Germs that no longer benefit from antibiotics are becoming a growing problem. According to the projection for 2018, 276 patients have died in Switzerland because all agents for the treatment of infection have proved ineffective. Everyone could still live if they were treated more carefully before.
Many find that they are hardly attacked by bacteria when they have to go to the hospital for surgery. If germs come into the bloodstream, they are in mortal danger.
The World Health Organization's Expert Council on Antibiotic Resistance states: If this development is not slowed, so-called multidrug-resistant microorganisms will be the first cause of death by 2050 – with ten million deaths. For cancer, WHO expects 8.2 million worldwide.
More antibiotics in flu season – though ineffective against the virus
The fact that more and more bacteria are resistant to commercial antibiotics also leads to the fact that agents are taken unnecessarily in many cases. A report on medicines from the largest Swiss health insurance Helsinki shows: Antibiotics are more often prescribed during the flu season. Between December and March, therefore, patients take a particularly large number of broad-spectrum antibiotics, according to Helsana, suggesting that doctors prescribe these medicines for infections for which the virus is responsible – and therefore not effective.
The infectiologist Benedict Huttner of the University Hospital of Geneva, the leader of a research project on antibiotic resistance, supports this thesis. In a recent article, a lecturer describes the problem of many physicians. They're obviously not very good at understanding what patients expect of them: "So they prescribe antibiotics for a viral cold – often against better knowledge." Experts speak of "irrational regulations" in this context.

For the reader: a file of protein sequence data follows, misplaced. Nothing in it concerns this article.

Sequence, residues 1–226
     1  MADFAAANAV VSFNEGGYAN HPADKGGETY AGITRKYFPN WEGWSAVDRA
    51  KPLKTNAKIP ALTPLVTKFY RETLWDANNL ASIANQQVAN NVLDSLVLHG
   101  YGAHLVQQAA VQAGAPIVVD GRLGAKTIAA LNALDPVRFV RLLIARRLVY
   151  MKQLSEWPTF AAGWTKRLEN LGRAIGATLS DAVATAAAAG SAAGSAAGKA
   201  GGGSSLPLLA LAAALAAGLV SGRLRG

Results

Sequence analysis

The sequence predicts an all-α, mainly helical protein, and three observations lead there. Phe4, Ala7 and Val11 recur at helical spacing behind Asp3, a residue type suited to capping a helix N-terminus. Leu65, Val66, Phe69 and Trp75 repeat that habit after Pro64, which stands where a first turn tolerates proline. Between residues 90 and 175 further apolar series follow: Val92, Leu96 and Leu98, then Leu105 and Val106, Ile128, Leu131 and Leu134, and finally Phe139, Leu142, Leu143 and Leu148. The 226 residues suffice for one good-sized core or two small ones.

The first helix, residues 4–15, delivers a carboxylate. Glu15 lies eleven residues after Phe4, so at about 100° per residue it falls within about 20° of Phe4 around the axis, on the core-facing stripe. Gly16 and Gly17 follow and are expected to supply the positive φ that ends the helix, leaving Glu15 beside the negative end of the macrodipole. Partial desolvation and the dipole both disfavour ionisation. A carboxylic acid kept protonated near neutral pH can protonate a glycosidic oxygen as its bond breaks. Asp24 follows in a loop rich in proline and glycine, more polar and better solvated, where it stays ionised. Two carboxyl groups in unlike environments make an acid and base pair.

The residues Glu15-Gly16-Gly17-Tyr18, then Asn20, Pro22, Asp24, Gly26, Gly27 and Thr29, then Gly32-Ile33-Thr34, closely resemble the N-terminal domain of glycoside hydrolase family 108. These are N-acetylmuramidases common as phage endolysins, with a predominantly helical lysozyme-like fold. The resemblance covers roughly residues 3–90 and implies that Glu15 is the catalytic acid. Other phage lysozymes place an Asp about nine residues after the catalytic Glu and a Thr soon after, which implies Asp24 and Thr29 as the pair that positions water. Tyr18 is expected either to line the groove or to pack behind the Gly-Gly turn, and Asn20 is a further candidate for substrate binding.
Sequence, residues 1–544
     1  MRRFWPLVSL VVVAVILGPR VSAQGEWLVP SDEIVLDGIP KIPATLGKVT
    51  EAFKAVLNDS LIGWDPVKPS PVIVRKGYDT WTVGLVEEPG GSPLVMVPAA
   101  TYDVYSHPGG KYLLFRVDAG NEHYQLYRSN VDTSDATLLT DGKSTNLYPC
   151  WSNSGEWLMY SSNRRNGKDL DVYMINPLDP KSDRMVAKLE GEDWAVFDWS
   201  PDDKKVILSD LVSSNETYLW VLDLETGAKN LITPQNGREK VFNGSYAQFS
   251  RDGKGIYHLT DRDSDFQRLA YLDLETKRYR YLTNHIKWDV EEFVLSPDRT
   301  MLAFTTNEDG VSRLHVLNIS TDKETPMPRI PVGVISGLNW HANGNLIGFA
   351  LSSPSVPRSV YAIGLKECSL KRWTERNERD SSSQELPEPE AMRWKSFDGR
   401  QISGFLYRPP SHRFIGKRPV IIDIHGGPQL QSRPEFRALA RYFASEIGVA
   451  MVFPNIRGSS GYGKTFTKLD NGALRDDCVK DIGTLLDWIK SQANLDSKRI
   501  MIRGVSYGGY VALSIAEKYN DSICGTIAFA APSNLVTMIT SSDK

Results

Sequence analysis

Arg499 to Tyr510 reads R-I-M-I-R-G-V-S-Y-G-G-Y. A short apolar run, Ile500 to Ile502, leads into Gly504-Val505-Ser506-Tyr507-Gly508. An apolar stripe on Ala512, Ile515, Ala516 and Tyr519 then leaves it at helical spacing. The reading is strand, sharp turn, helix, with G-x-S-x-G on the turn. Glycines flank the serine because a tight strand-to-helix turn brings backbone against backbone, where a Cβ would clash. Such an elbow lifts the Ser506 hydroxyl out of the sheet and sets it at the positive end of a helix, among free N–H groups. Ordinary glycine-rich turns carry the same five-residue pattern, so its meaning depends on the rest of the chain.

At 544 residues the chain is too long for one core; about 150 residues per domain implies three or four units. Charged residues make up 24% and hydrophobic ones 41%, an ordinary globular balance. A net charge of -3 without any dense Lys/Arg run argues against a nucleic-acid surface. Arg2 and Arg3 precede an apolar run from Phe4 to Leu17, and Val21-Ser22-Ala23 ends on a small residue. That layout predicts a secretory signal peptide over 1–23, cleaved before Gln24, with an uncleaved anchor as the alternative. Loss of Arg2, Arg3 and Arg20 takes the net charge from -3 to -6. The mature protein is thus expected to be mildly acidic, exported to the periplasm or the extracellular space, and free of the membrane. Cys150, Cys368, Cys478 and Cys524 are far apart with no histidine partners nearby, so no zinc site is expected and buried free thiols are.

Helsinki data also show that there are major regional differences in antibiotic consumption: while in eastern Switzerland only 15 percent of policyholders received such medication, in Geneva it was 29 percent. Second result: "In western Switzerland, Valais and Ticino, wages were above the Swiss average."
These findings are in line with those of other countries. In France, twice as many antibiotics are given per capita – although local health authorities have been funding awareness campaigns for years, which they advise against.
Estimates say that up to 50 percent of prescriptions for antibiotics are unnecessary, especially for respiratory diseases, as the Helsana report shows.
Lack of knowledge among doctors
Geneva-based infectologist Huttner concludes: "Swiss doctors are often far from rational antibiotics." This is due to a lack of knowledge, but also to the fact that Switzerland has long been lacking guidance (recommendation Applying antibiotics knew. As part of National Research Project 72, which aims to reduce antibiotic resistance, Huttner is currently developing an application and program to help doctors decide whether to and to what extent to prescribe them to combat infectious diseases – in the hope that they will be able to cultivate resistant bacterial strains in the future.
Yvonne Gilli of FMH Medical Association: "The main thing is that cultural differences lead to more frequent prescribing – and the patient's attitude to the claims."
There are many situations in which you are “tipped over” as a doctor in therapy, for example, if the patient wants to travel abroad soon and therefore cannot wait for the infection to develop, so does Gilli.
To reduce unnecessary antibiotic consumption, sensitization of physicians and patients is needed – and further education of physicians locally. Gilli: "Only in this way can we control the problem of resistance."
In the fight against multidrug-resistant bacteria, he hopes for the first time in a decade: Basler researchers reported in the journal Nature this week about a natural antimicrobial agent from the United States. In tests, a substance called darobactin proved to be particularly effective against dangerous germs.